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. Last Updated: 07/27/2016

Kazakhs Develop Taste for Wine By Alastair Macdonald




ISSYK, Kazakhstan -- Bordeaux, Burgundy, California, Chianti -- Kazakhstan?


Ex-Soviet Central Asia does not normally rate a mention in the gazetteer of the wine connoisseur's atlas of the world. But here at Issyk, in the high foothills of the snow-clad Tian Shan Mountains, one small winemaker has set out to change that.


"We will be able to produce high-quality wines, similar to those from California, France and elsewhere," predicted Milos Michlovsky, the Soviet-trained Czech specialist overseeing technical improvements at the Issyk plant, Kazakhstan's main winery, some 40 kilometers from the main city, Almaty.


For more than 40 years it has churned out indifferent dry whites as well as sweet strong reds typical of the Soviet-era wine producers in Georgia, 3,000 kilometers away, from where its Rkatsiteli and Saperavi grapes were first brought.


But backed by East Euro Consulting, part of the Swiss-based Consulting Group, which bought the winery in 1996, Michlovsky believes he can turn good climate and soil into first-rate wine.


The group has already worked with wine producers in Hungary, Bulgaria, ex-Soviet Moldova and Georgia and elsewhere, trying to raise quality and develop new markets in the former communist bloc.


"We're up here at 850 meters above sea level, and there is plenty of sunshine," he said. "This area is ideal for varieties like Pinot Noir and Sauvignon. We want to bring in these and others and create a microzone of high-quality wines."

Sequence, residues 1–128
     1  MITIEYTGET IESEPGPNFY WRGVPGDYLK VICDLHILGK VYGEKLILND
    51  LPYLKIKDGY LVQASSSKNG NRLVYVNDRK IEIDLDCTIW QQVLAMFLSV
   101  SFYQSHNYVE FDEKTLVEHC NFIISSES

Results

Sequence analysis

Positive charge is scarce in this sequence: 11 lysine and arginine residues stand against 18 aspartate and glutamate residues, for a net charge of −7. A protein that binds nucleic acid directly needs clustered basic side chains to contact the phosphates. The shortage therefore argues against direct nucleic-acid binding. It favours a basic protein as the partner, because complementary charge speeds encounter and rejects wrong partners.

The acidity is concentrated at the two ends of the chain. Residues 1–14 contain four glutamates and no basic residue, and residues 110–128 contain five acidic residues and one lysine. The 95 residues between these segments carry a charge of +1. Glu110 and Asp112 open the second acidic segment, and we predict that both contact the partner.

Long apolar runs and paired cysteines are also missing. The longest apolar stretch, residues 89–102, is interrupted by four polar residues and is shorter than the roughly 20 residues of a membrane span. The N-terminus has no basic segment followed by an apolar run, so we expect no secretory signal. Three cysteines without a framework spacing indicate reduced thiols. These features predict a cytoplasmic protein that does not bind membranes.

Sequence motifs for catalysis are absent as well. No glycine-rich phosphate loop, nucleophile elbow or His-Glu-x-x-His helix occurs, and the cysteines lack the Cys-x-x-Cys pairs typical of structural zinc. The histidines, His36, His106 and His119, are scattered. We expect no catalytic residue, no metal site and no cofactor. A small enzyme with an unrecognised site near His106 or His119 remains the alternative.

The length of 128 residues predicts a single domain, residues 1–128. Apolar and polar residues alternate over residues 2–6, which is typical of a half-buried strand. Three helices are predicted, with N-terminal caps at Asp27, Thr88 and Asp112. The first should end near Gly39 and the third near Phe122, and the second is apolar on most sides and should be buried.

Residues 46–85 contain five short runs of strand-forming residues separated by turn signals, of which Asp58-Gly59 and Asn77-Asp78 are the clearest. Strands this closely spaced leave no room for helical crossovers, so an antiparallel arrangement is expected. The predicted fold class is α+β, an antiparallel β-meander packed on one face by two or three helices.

The former owners still run the winery -- Michlovsky praised their local marketing and management skills. East Euro has invested some $500,000 and will plow in $2 million over the next two years, improving the vines and upgrading the plant.


"The overseas winemakers, California, Australia, Chile, South Africa and so on, have shown what can be done with modern techniques. They're an inspiration," said Michlovsky, a big man in all senses who sees it as his mission to push good wine.


He shows off new presses and an Italian machine pouring wine into Austrian bottles.


There are plans for computer-controlled insulation of the storage vats to protect the young wine from summer temperatures that can reach 40 degrees Celsius.


Comparing Issyk's basic 1997 white Rkatsiteli, so powerfully citrus it puckered the mouth, to the same style produced experimentally with new technology, yielding a smoother, more golden wine, reminiscent of a young Riesling, suggests that the changes can bring rapid improvement to the vintage.


Adding to the costs of winemaking in Kazakhstan is the practice of burying the vines whole during the winter, when temperatures rarely rise above freezing for up to four months. It keeps the vine alive but puts up the costs, so Kazakh wine is never cheap to make.


Nonetheless, Issyk has doubled the area under the vine to 400 hectares this year, pushing planned output to 6 million bottles from 3.5 million. As much as 2,000 hectares could be cultivated in 10 years, Michlovsky said.


Despite potential exports, the local market in this nation of 16 million is the focus of interest. Though the average wage is about $150 a month, enormous untapped reserves of oil, gas and metals are making some Kazakhs very rich.


Issyk produces some 80 percent of Kazakh home-grown wine but has a small share in a local market of some 30 million bottles a year. At twice the price of the local vodka, Issyk knows it has a tough job persuading Kazakhstan's predominantly male drinkers to buy wine. Crude bootleg wines are also a pest on the market.